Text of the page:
Star Wars: The High Republic: The Light of the Jedi, written by Charles Soule and published by Del Rey with cover art by Joseph Meehan is the first adult novel set in a new era for Star Wars, the High Republic. Set about 200 years before The Phantom Menace, the new novel finds the Republic on the verge of diplomatic and governing expansion into the Outer Rim, a territory of the galaxy previously excluded from the Republic’s unified vision of peace and prosperity. Starlight Beacon is set to be both a symbol and practical place of outreach, until a Great Disaster, an anomaly from hyperspace, threatens everything. The Jedi and the Republic must discover the cause of this anomaly and ensure hyperspace remains safe from it happening again, lest the people of the Outer Rim, and the Republic’s expansion there, be put in grave danger.
Light of the Jedi launches the highly anticipated High Republic publishing initiative, the first major project of Del Rey, Marvel, IDW, Disney Publishing, and other partners since the end of the Star Wars Sequel Trilogy. It is also the first adult canon novel to explore an entirely new era of Star Wars. While a few previously-known characters make brief appearances, virtually nothing is known about this time period. So, unlike nearly every other Star Wars book in the canon, there is no dramatic irony or previous knowledge to draw upon to know what direction the book may go. It’s all brand new territory. Needless to say, Light of the Jedi needed to make a serious splash.
Fortunately, I would more than say it does. Light of the Jedi offers readers so much of what no other canon book really has yet: Jedi. In a time where thousands upon thousands of Jedi were active throughout the galaxy, Soule spends a lot of time illustrating the great diversity of thought among the Jedi and the different ways they understood and enacted their roles as agents of the light side of the Force. He also shows a Jedi Order somewhat different from that of the Prequel era. The Jedi here are not necessarily more monastic or less orthodox or anything like that, but it is clear from the language they use and the actions they do and do not take that the Order had some different priorities and ideals during this time.
Perhaps my favorite exploration of the Jedi though was the book’s emphasis on the unique way each and every Jedi perceived the force. For example, Jedi Master Avar Kriss conceptualizes the Force in terms of music. Meanwhile, others see an endless sea, a great storm, a tree with endless roots, or interlocking gears. All of the ways that Jedi interpret the Force in Light of the Jedi feel personal and are just so beautifully described.
The Jedi also exhibit incredible powers, some of which had me yelling out loud they were so cool. None of them feel farfetched or outside of the scope of how Star Wars fans may have imaged the Jedi capable of using the Force. Yet, I could never have imagined some of the feats the Jedi accomplish together in Light of the Jedi, or the interesting and spectacular individual powers some of the characters possess.
Among the coolest additions to the High Republic era are some of the starships and vehicles, which themselves have connections to the Force. The Jedi’s Vector starfighters are controlled by their lightsabers, which act as both key and throttle. It’s a small thing, but the concept alone struck me as very cool, and the various moments throughout the book where the Vectors get to show off are all captivating. I am also seriously looking forward to getting to see a rendition of the Vanguard/V-Wheel.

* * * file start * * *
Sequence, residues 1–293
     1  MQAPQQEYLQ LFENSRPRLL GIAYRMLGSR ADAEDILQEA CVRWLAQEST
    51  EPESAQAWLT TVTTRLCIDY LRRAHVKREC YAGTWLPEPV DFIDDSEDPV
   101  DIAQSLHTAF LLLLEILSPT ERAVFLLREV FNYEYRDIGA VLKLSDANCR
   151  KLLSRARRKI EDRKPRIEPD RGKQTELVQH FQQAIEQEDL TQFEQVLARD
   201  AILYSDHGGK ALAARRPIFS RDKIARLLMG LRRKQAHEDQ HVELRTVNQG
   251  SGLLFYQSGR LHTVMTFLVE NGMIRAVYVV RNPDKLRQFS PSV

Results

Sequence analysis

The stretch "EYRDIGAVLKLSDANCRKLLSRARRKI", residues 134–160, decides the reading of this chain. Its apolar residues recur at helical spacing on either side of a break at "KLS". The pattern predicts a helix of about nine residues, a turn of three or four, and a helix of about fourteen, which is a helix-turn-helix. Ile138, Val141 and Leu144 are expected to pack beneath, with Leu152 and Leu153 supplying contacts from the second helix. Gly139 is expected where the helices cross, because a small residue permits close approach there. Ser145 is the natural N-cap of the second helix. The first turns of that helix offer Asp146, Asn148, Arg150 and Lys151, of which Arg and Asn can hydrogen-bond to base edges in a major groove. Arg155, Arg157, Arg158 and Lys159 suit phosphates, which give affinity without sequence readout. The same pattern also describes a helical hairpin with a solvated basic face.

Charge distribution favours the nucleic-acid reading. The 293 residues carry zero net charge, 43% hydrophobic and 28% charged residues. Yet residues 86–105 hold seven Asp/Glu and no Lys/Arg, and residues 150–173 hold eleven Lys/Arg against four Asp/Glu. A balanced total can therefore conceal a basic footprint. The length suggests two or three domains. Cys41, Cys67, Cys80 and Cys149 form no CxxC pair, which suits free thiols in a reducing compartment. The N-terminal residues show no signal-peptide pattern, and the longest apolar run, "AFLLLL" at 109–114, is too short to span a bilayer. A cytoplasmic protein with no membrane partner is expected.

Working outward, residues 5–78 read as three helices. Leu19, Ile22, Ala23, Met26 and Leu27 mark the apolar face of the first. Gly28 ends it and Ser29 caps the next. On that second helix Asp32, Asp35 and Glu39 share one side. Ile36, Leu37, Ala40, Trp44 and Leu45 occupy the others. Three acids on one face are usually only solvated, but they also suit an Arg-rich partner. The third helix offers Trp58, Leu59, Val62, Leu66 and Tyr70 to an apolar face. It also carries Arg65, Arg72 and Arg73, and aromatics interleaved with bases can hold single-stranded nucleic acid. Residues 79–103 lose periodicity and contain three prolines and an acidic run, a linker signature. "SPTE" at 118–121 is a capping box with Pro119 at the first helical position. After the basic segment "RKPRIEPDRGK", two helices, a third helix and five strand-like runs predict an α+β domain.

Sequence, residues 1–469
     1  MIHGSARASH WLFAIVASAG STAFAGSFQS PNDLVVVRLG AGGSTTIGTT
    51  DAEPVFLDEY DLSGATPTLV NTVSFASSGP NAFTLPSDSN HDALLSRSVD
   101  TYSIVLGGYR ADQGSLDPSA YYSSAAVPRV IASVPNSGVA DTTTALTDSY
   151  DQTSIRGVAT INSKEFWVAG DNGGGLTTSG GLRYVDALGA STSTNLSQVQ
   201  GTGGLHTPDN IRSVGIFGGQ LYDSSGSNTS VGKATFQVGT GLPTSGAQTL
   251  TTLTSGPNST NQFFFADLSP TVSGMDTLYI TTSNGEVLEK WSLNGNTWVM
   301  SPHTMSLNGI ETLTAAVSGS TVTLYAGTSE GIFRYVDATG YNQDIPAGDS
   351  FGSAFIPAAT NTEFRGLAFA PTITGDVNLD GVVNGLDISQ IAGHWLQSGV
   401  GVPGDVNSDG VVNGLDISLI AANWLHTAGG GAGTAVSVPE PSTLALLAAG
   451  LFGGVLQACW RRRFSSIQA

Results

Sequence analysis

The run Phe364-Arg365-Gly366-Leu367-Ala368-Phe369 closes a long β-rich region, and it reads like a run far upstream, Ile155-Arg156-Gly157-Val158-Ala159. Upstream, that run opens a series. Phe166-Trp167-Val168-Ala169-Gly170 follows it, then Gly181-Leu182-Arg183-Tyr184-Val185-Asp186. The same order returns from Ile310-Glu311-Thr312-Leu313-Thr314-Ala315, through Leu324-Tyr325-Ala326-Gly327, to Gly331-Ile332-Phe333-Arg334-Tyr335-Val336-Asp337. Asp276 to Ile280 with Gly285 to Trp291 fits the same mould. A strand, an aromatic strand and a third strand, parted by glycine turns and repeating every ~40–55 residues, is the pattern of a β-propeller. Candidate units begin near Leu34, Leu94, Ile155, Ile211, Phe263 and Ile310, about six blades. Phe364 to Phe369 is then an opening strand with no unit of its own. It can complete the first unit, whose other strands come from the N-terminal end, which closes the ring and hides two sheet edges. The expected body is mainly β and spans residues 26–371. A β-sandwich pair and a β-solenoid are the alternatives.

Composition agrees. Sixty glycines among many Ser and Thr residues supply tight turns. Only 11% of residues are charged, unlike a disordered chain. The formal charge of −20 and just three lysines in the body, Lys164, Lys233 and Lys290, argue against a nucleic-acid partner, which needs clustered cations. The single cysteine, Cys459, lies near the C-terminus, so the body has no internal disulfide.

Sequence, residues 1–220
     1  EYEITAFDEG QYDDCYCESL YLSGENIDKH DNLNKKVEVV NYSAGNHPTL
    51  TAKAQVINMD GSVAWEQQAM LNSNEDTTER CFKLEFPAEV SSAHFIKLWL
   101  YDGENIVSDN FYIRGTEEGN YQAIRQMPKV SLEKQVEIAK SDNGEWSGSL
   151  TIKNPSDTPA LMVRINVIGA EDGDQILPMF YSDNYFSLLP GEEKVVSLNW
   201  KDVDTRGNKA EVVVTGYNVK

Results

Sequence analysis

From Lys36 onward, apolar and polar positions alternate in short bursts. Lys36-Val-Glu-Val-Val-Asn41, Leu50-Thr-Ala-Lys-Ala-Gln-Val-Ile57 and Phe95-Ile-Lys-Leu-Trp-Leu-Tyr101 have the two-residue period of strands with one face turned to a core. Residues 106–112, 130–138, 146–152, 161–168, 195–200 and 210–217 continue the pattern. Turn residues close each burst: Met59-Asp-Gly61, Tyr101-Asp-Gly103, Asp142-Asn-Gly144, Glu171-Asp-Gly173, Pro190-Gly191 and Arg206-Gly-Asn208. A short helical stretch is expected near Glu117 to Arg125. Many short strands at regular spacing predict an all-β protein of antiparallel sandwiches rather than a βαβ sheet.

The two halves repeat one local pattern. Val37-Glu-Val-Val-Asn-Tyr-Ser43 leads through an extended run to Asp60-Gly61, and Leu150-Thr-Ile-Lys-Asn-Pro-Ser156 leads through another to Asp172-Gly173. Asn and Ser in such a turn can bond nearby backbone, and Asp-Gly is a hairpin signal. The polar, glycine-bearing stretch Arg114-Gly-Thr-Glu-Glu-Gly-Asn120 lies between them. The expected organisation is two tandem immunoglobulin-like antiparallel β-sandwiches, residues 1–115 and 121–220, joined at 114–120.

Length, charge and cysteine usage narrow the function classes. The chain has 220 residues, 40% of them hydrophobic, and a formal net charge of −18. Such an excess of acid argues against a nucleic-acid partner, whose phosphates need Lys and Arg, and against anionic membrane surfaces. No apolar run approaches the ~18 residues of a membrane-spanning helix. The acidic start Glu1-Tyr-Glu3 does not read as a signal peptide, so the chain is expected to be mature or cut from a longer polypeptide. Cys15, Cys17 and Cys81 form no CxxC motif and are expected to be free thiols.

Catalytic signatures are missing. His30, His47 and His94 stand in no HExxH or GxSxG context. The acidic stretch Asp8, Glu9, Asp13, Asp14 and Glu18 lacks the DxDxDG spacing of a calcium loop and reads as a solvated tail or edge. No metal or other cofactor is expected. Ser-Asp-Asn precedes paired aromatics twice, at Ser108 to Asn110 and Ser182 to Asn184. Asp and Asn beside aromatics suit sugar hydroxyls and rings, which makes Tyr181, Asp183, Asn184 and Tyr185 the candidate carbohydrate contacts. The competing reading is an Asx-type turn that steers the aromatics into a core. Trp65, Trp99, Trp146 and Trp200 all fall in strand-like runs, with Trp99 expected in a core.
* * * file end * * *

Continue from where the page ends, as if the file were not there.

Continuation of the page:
The action in Light of the Jedi is simply so well-written. The entire first part of the book was one long, incredible, non-stop action sequence that, while a tad choppy with how short the chapters are and how none of them offer more than one perspective at a time, had me completely locked in and captivated for the full third of the book it takes up.
By the end, the sequence’s conclusion was so beautifully written that it completely left me in tears with its gorgeous prose. I know I cry easily but I have never had the simple beauty of how a moment is described in a book move me as powerfully as the conclusion of the first act.
Some of the ways that Soule writes are a bit too poetic though. I had many occasions where I wanted to introduce him to the concept of a period. His sentences are occasionally twisted into strange parts of speech and forced me to reread them a few times over. I questioned whether a few were just typos before realizing they were just being poetic and then rolling my eyes.
Because the first part is such non-stop action, it didn’t leave much room to get to know the bevy of new characters. While this is a Star Wars book, there are (nearly) no familiar characters. So the fact that we never get to spend more than a few pages at time with any of the new Jedi, military folk, government officials, or otherwise made it hard to remember who was who for much of the book. I spent a lot of time on Wookieepedia attempting to parse the different characters. It also didn’t help that there were a few chapters here and there about characters whom we would never, or rarely, hear from again.
In fact, in an odd sort of way, those brief moments sometimes connected me more strongly to characters who I would never see again than some of the book’s actual main characters. They were so incredibly well-written and fleshed out that it made the stark lack of personality in some of the main characters early on more apparent. The story moves so quickly between characters in the first part that I actually couldn’t tell who was meant to be a main character, who we would only see again in other High Republic media, and who were just secondary or tertiary characters in Light of the Jedi. It took me much of the book to discern the main characters from secondary characters or characters who would appear in other High Republic stories, especially given who gets more pages about them and who is on the front cover of the book.